CatsfootBotanical Name: Antennaria dioca (GAEERTN.)
Family: N.O. Compositae
Synonyms: Life Everlasting. Mountain Everlasting. Gnaphalium dioicum (Linn.). Cudweed.
Part Used: Whole herb.
Habitat: Europe, Asia, America to the Arctic regions, abundant in Great Britain, often to the coast level.
Description: This plant derives its name from the antennae of a butterfly which the pappus hairs of the Staminate florets resemble. It is the only British species, a small perennial with tufted or creeping leafly stalks and almost simple flowering stems, from 2 to 5 inches high. Lower leaves obovate or oblong, upper ones linear, white underneath or on both sides. Flowers early summer white and pinky, dioecious. In the males, inner bracts of the involucre have broad white petal-like tips, the females inner bracts narrow and white at tips, florets filiform with long protruding pappus to the achenes. Taste astringent odour pleasant and strongest in the female heads, male plant has white membraneous scales and the female rosecoloured. Gerard alludes to it as 'Live for ever,' and says: 'When the flower hath long flourished and is waxen old, then comes there in the middest of the floure a certain brown yellow thrumme, such as is in the middest of the daisie, which floure being gathered when it is young may be kept in such manner (I meane in such freshness and well-liking) by the space of a whole year after in your chest or elsewhere, wherefore our English women have called it "Live Long," or "Live-for ever," which name doth aptly answer thiseffects.' Another variety of Cudweed was called 'Herbe Impious' or 'Wicked Cudweed,' a variety 'like unto the small Cudweed, but much larger and for the most part those floures which appeare first are the lowest and basest; and they are over topt by other floures, which come on younger branches, and grow higher as children seeking to overgrow or overtop their parents (as many wicked children do) for which cause it hath been called "Herbe Impious." ' Medicinal Action and Uses: Discutient and used for its astringent properties, as a cure for quinsy, and mumps, said to be efficacious for bites of poisonous reptiles, and for looseness of bowels.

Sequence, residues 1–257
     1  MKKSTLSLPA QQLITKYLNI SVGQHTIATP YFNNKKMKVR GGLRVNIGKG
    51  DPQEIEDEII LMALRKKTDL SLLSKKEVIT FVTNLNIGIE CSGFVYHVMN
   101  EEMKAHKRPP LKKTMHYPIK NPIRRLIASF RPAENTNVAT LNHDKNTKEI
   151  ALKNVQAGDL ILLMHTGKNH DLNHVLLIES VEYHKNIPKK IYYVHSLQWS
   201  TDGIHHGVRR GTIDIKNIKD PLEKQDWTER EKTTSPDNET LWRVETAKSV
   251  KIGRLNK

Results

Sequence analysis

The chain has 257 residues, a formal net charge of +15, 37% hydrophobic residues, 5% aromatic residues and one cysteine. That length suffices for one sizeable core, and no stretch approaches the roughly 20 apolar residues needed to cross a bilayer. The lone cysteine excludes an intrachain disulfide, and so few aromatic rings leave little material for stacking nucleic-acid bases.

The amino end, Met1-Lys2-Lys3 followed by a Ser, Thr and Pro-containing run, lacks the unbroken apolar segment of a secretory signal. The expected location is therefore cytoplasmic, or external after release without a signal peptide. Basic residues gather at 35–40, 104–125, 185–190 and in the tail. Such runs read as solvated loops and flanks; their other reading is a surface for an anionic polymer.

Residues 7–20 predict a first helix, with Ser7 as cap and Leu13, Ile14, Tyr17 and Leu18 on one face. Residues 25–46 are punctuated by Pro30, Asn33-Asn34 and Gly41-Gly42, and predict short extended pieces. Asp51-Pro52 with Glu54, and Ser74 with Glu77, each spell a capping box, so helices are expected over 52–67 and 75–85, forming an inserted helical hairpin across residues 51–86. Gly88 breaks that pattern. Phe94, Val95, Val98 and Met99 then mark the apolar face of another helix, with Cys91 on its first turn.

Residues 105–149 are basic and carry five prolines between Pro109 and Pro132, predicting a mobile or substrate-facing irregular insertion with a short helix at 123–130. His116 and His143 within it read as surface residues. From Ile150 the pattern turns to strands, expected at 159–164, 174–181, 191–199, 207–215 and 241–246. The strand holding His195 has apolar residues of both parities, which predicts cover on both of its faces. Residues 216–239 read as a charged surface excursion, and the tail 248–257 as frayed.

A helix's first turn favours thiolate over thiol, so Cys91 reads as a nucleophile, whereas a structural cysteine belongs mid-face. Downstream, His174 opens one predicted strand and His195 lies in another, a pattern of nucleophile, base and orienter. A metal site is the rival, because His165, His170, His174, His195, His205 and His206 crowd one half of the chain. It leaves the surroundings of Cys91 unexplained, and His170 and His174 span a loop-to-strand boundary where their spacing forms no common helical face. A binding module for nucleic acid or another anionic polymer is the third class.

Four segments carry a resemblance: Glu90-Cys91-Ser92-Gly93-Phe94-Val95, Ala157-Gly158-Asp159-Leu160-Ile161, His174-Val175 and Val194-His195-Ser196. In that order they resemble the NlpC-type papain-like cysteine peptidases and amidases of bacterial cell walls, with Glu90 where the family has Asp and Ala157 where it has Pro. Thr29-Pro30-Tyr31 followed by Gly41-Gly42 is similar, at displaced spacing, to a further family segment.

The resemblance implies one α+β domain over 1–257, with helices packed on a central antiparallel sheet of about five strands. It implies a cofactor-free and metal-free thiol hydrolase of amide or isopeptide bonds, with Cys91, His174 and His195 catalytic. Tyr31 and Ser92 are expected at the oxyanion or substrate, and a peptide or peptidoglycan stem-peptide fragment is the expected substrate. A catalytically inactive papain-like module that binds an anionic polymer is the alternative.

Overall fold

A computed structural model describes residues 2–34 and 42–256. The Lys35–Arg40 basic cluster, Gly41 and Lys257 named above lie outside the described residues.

Constituents: Resin, volabile oil tanin and a bitter principle.
Doses: For a mouthwash: 1 OZ. Cudweed, 1 OZ. Raspberry Leaves, 1 OZ. Tincture of Myrrh. As an infusion: 1 OZ. herb to pint boiling water is given internally in wineglassful doses and applied externally, as a gargle and as a fomentation. Fluid extract: Dose, 1/2 to 1 drachm.